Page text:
Using Photographs in Combination | Lori and Matt's Decatur Wedding Photography

When I worked as a picture editor for the Indianapolis Star, one of the techniques I liked to pull out of my back pocket when appropriate was the use of photographs in combination. I now use the same idea in slideshows, blogposts, and wedding album design. There are several reasons to use photos in combination. In this example, the photos are used in a series of three to show the changing expressions on Lori's face. Capturing emotion is at the heart of wedding photojournalism, but often expressions and emotions flow from one to the next -- a series helps capture this flow.

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Father of Bride with boutineer
Father of Bride with boutineer
Groom and Groomsmen
Groom and Groomsmen
Bride Combo | Decatur UMC
Bride Combo | Decatur UMC
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Another reason to use a combo of photographs is to show a small detail, Lori's Dad's boutineer, and then how it is used. Here the series contrasts Matt with one of his groomsmen and his Dad, all in similar poses, but with slightly different expressions. Action combos, like the one below, work best if all the characters from one photo, Lori, two bridesmaids and Mom, appear in the next. The contrast in this combo comes simply from the far away view of Lori in her dress vs the close-up dress detail. When using this type of combo make sure the detail is especially interesting. In this combo we see a scattered group of family and friends come together in community to pray. This final series uses three images to show unfolding action. The tiny arm movements before the wedding become a dance when put together in a series. Rock on, Lori!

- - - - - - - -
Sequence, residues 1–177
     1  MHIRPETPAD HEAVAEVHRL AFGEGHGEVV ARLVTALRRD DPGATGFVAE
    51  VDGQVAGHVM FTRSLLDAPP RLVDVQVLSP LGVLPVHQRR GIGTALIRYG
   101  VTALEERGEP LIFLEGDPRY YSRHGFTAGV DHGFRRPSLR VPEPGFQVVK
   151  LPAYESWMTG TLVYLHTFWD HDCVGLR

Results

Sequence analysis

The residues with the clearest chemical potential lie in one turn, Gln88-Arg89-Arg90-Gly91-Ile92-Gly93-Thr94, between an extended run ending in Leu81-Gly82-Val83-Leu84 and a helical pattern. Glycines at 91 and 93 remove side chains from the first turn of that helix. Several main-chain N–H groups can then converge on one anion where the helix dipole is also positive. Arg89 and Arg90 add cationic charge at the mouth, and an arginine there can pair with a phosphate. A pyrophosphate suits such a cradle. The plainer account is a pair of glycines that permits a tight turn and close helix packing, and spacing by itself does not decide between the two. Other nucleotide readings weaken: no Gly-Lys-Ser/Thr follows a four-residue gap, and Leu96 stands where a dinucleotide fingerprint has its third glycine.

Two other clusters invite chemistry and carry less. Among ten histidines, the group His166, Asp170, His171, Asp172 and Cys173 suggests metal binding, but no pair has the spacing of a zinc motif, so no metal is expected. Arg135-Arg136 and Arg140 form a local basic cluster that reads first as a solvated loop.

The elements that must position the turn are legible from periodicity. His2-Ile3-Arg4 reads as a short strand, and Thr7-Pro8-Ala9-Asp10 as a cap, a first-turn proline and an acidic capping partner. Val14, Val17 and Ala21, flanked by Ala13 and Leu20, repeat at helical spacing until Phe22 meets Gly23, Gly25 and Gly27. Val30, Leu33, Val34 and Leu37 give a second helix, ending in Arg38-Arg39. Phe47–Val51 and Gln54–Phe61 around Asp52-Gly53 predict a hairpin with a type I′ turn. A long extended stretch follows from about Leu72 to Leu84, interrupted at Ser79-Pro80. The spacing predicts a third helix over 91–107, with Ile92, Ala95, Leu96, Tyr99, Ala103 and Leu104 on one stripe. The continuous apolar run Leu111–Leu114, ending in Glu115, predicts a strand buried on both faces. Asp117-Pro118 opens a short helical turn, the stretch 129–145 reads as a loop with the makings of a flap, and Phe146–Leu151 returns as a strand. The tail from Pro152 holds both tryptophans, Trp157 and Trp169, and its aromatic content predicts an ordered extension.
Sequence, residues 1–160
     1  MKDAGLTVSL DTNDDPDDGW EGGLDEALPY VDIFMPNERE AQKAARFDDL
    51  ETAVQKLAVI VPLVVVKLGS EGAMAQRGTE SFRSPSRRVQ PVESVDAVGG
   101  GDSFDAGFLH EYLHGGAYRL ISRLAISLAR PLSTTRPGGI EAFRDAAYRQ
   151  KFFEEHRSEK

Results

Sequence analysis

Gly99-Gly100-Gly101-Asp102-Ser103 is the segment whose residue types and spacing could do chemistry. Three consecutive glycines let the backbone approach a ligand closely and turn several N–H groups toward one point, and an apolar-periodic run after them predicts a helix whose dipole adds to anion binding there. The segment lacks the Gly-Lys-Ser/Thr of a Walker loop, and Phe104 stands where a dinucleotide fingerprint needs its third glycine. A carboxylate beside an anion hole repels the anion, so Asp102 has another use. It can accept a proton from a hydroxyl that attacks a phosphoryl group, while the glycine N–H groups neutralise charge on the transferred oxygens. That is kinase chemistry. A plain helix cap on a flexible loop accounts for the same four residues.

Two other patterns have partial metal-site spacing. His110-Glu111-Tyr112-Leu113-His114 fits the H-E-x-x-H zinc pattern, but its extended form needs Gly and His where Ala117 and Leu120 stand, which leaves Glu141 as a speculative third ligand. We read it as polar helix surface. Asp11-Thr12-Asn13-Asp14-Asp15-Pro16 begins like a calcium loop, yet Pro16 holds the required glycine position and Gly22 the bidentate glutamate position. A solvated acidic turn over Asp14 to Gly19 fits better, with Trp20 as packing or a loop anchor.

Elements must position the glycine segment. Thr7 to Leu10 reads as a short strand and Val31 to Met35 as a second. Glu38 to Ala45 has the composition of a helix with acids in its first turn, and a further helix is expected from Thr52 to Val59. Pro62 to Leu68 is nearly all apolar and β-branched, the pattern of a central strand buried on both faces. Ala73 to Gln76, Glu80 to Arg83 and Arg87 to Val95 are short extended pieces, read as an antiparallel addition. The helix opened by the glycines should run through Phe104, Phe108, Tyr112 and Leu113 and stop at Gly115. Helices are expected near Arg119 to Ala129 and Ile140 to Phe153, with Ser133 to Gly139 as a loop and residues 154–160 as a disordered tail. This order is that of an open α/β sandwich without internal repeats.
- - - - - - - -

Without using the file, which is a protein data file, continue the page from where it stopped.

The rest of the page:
Atlanta Wedding Photojournalist

Funny aside: How not to put on a boutineer. (In case you're wondering, they never figure out where the boutineer is supposed to go.)

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Cindy Brown

I'm an Atlanta wedding photographer who takes soulful, quirky and honest photos ...

I'm also an adventurous traveler and all-round nerd. I love to hike with my beagle/cattle dog Roux and best friend/spouse.

I was born in Atlanta, moved around a lot--30 cities and 5 states--and then came back.

After graduating from the Art Institute of Atlanta, I took a job at asmall newspaper in south Georgia, where I photographedhospital teas, pecan farmers, and beauty queens.

I photographed a biker funeral, death penalty protests andTed Bundy while interning with the Associated Press.

While a photographer for two dailies in Florida, I photographed Ronald Reagan, a train derailment and the dedication of a screened-in porch.

An unexpected life turn took me to Vermont where I fell in love with Bernie Sanders and on to Indiana, where I edited photos for a major daily, and nerded out getting a master’s and PhD.

After teaching photojournalism at colleges and universities in Florida, Indiana and Mississippi, I returned to Atlanta to earn myfifth degree--a Master's of Divinity.

My passion for storytelling with my camera and my interest in religious diversity led my to the field of wedding photojournalism.

I have documented weddings large and small, Unitarian and Pagan, indoors and out, Christian and Muslim, in backyards and in churches. The most exotic wedding I have photographed took place in Mexico and was officiated by aMayan shaman.

When I'm not photographing weddings, portraits or corporate events, I work on personal photo projects, visit friends in amemory-care home, and volunteer at a recovery center.